Lantana

Lantana sports two colors per bloom.

All flowers that need help with getting pollinated do what they can to attract pollinators. The tiny flowers of lantana, Lantana camara, actually put forth a bit of extra effort to improve the efficiency of their pollinators, by becoming less attractive once pollinated. Within each tightly set flower cluster, pollinated flowers fade to an alternate color to inform pollinators that their services are no longer needed. This prioritizes flowers than still await pollination. Consequently, each small cluster exhibits flowers of two different colors. The choices are red, orange, yellow, pink, purplish pink or white.

The small and aromatic leaves are arranged in alternating pairs on thin stems that do not get much higher or wider than three feet. Established plants can survive with very minimal watering, but bloom better with somewhat regular watering. The summer bloom is very attractive to butterflies.

Trailing lantana, Lantana montevidensis, has limber stems that sprawl a few feet over the ground without getting a foot deep. It cascades nicely over retaining walls or from large planters. Flowers are shades of lavender, or sometimes white.

Creeping Thyme

Creeping thyme is pleasantly aromatic, but not quite as flavorful as culinary thyme.

Trendy landscape designers like to set flagstone walkways slightly out of step to compel visitors to the garden to stroll through a bit slower. Between the stones, it is in style to grow creeping thyme, Thymus spp., as a very shallow groundcover that relinquishes its delightfully herbal aroma with any misstep. It stays too low to trip on, tolerates a bit of trampling, and needs only minor trimming where it creeps a bit too far onto stones or pavement. Creeping thyme can also be plugged into retaining walls of broken concrete or stone. The grayish green foliage is very finely textured. While the weather is warm, minute lavender flowers bloom in subdued phases that come and go slowly. Some varieties have more pinkish flowers, lighter green foliage or exhibit different aromas.

Rosemary

Trailing rosemary cascades over retaining walls.

It is as familiar for culinary application as it is for home gardens, even with its new name. Rosmarinus officinalis is now known as Salvia rosmarinus, but the common name is still just rosemary. Like many Mediterranean culinary herbs, it is a member of the Lamiaceae Family. Since it is native to Mediterranean regions, it is quite happy within local climates. 

While many culinary cultivars of rosemary are shrubby or upright, the most popular home garden cultivars are trailing types. Trailing rosemary disperses its woody stems laterally, but can eventually get deeper than two feet. Shrubbier cultivars get at least twice as high in less time. The finely textured dark green foliage is evergreen and pungently aromatic.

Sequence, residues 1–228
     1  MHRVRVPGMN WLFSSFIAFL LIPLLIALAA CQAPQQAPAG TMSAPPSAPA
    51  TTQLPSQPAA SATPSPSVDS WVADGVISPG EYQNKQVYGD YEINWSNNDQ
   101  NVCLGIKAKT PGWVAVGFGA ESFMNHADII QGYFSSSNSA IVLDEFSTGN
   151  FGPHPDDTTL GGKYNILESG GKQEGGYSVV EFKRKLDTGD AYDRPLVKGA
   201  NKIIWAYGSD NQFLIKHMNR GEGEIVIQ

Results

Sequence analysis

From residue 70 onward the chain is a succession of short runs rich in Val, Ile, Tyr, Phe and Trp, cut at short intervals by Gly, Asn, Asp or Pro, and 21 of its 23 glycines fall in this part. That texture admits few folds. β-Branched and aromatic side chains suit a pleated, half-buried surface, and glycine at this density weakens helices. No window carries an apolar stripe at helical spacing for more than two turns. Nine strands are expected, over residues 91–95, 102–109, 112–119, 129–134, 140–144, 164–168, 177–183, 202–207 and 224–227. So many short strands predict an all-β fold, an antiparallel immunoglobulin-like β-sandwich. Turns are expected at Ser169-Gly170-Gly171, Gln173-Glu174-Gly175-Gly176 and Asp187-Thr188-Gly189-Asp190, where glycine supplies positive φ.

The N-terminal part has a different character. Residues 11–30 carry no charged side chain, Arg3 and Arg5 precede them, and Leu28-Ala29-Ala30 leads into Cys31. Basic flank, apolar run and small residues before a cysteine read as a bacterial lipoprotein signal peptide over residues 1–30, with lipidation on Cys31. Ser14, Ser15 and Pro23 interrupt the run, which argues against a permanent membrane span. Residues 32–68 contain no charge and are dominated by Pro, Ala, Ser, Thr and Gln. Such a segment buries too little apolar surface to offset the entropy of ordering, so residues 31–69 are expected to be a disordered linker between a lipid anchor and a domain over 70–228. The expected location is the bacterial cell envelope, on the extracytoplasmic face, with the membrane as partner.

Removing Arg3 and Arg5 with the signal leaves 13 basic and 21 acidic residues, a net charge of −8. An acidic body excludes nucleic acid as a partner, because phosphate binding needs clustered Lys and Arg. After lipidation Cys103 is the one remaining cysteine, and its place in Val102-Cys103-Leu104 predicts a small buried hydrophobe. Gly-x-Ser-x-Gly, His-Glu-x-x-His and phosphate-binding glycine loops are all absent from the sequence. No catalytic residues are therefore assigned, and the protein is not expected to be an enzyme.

Bloom is generally most profuse from late spring through the middle of summer, but may never really stop. It can continue in sparser sporadic phases whenever the weather gets warm, and even throughout the year. The tiny flowers are various shades of blue. Purple, white and pale pink bloom is very rare. Bloom is appealing to bees and other pollinators, including hummingbirds.

Knotweed

Knotweed by any other name. . .

There are no fancy varieties, but many different fancy names for knotweed. It used to be known as Polygonum capitatum, but is now easier to research as Persicaria capitata. The many common names include pink knotweed, pink clover, pink fleece flower, pinkhead, pink bubbleweed and smartweed. Obviously, the tiny and spherical blooms are pink, about the color of bubble gum. Each small leaf has a distinctive brown chevron, which makes the collective foliage rather bronzy. The wiry stems can not stand much more than three inches high, but creep indefinitely, rooting as they go. Knotweed is an excellent but potentially invasive groundcover, and is also a nice component to mixed plantings in large urns or behind retaining walls, where it can cascade several inches over the edges. A bit of partial shade is no problem. Bloom continues through the end of summer, and resumes at the end of winter.

Much Ado About Mulch

Not many weeds get through mulch.

Mulch was not invented by humans. Most plants make some sort of mulch naturally. Even desert plants that live on bare ground shed foliage that decomposes to be recycled back into the soil, and provide nutrients for the roots below. Redwood, most pines and most eucalyptus are extreme mulchers that generate thick layers of foliar debris that benefit their own roots, but inhibit the growth of competing trees. Knotweed, Hottentot fig (freeway iceplant), ivy (both Algerian and English) and other dense groundcovers are their own mulch, and also work well for substantial plants that grow amongst them.